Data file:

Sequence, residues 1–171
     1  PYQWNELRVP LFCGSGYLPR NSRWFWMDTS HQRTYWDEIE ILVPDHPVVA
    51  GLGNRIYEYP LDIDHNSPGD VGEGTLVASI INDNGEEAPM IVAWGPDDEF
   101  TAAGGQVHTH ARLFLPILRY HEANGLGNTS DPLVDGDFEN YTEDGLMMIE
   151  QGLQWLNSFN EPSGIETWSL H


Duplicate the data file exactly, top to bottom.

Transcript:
Sequence, residues 1–171
     1  PYQWNELRVP LFCGSGYLPR NSRWFWMDTS HQRTYWDEIE ILVPDHPVVA
    51  GLGNRIYEYP LDIDHNSPGD VGEGTLVASI INDNGEEAPM IVAWGPDDEF
   101  TAAGGQVHTH ARLFLPILRY HEANGLGNTS DPLVDGDFEN YTEDGLMMIE
   151  QGLQWLNSFN EPSGIETWSL H